What's on at the galleries, museums and institutions
Please refer to the respective web sites of each gallery, museum or institution to see Whats on. Go to our Institutions page for a list and a link to each web site.
Australiana at the August to December 2013 Auctions
The second half of 2013 was a relative quiet period for Australiana. No major collections were sold or dispersed.
Several New Zealand items from the Ruth Simon collection were consigned to auctions in New Zealand. An important Anton Seuffert inlaid occasional table sold for NZ$58,625 (IBP) in November while a collector’s album of pages laid with fern specimens bound with inlaid boards made by Seuffert sold for NZ$20,518.75 (IBP) in an earlier auction. Back in 2005, the major portion of Ruth Simon’s Australiana collection had been acquired and merged into the Trevor Kennedy Collection while the key object, the Macquarie Collector’s chest was acquired by the Mitchell Library.
A collection of Cayley bird watercolours were keenly fought over at an August auction in Sydney. A watercolour of a Nesting Pair of Rosellas in a Bush Landscape by Neville Henry Cayley (Senior) far exceeded its estimate of $2,000 to $4,000, when it was knocked down for a hammer price of $20,000 ($23,960 with buyer’s premium), a possible record for this artist. A second watercolour of Rosellas by the same Cayley, was bidded to $15,5000 against an estimate of $1,500 to $3,000. The 35 lot Cayleys (Neville Henry and Neville William) had a strong showing with most lots exceeding estimates including several lots that sold at impressive multiples of its estimates.
At the Bonham’s Colonial Sale in November, goldfield miners brooches were in demand. A goldfields miners brooch, comprised of shovel, pick and bucket and Westralia banner by Louis Boxhorn, Barrack Street, Perth, circa 1900, sold for $20,740 (IBP) against a low estimate of $2,000 to $3,000. Another brooch decorated with a figure of a miner and miner’s tools surrounded by a garland of vines and grapes, circa 1855, sold for $21,960 (IBP), four times its estimate of $3,000 to $4,000 while an opal and kangaroo brooch, circa 1870 achieved a similarly impressive sum of $21,960 (IBP) against another low estimate of $3,000 to $4,000. The rest of the 18 items of jewellery sold within or near its estimates with only one item being passed in.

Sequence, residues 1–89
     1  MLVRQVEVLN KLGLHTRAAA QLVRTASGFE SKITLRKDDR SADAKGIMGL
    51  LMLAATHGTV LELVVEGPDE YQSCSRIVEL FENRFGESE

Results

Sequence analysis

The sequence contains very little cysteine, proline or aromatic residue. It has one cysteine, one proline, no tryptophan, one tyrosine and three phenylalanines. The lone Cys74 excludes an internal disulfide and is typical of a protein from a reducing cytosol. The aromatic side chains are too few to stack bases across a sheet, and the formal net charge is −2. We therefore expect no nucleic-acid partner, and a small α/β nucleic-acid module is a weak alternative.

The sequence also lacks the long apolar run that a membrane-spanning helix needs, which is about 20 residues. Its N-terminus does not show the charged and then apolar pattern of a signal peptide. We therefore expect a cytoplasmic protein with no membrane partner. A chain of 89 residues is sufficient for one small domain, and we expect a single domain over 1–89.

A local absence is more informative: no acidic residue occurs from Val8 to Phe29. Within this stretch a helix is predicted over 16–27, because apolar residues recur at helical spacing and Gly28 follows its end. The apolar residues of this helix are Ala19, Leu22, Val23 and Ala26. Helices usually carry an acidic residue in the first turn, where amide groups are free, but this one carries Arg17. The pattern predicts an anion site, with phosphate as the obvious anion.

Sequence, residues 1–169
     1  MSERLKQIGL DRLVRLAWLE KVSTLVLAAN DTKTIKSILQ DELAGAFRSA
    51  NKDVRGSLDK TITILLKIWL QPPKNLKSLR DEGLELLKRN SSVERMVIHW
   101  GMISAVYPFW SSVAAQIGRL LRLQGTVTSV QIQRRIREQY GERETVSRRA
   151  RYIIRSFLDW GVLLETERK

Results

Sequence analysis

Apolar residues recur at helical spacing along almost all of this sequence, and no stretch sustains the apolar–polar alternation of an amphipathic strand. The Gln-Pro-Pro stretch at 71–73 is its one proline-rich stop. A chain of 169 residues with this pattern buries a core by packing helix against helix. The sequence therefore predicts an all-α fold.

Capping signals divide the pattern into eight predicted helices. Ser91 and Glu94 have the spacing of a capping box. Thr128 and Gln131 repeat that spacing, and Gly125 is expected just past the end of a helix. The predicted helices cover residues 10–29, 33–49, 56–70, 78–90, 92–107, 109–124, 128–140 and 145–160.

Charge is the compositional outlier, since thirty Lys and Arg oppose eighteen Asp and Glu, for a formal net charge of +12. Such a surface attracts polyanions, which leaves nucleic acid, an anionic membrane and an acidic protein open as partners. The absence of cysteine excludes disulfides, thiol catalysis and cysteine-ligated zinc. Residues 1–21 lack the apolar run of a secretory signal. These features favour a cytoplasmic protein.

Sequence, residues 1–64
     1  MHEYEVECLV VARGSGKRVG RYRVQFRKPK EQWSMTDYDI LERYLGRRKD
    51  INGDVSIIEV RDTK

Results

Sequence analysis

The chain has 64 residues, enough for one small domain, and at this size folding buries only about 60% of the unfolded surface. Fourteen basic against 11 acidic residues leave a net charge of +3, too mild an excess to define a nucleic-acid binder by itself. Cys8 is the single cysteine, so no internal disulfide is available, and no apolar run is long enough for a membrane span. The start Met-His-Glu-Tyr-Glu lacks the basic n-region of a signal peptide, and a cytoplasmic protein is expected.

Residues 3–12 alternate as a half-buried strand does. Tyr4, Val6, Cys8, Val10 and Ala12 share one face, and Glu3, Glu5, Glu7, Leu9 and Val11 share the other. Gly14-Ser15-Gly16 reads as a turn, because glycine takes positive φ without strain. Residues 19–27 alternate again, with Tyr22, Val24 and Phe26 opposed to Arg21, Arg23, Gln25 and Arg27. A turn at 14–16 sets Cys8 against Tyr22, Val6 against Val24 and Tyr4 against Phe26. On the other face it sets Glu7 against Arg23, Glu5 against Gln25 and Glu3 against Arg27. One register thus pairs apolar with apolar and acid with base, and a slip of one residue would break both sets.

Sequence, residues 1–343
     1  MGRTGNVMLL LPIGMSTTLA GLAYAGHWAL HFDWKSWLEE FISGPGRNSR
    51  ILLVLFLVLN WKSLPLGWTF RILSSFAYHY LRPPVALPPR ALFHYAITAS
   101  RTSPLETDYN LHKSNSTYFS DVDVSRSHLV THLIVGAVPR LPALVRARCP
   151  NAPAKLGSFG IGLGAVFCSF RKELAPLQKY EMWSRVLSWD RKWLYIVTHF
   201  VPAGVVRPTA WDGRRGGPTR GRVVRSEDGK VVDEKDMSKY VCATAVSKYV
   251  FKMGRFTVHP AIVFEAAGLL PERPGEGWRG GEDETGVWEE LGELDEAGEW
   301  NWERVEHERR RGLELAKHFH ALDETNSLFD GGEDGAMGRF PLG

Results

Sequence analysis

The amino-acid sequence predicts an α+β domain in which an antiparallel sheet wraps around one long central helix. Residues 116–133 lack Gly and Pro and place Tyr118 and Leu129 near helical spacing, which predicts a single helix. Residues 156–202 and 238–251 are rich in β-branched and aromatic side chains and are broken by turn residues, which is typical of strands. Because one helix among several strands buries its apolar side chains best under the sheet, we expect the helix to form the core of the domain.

The majority of furniture, silver and other miscellaneous items found buyers and surprisingly, an extremely large cedar and rose mahogany six door breakfront bookcase, ex-Mitchell Library, had a couple of interested parties, sold for $18,300 (IBP). One would need an extremely large home to accommodate the bookcase.
Of the two marquee items, the John McDouall Stuart Explorer pocket watch, circa 1859 sold for $85,400 (IBP) at the top of its estimates. Stuart was the father of the Overland Telegraph and one of Australia’s greatest inland explorers. The buyer was the National Museum of Australia and the underbidder was History SA. However, the miniature portrait of Governor Brisbane attributed to Nathaniel Plimer, failed to find a buyer and was passed in.
Australiana at the January to early July 2013 Auctions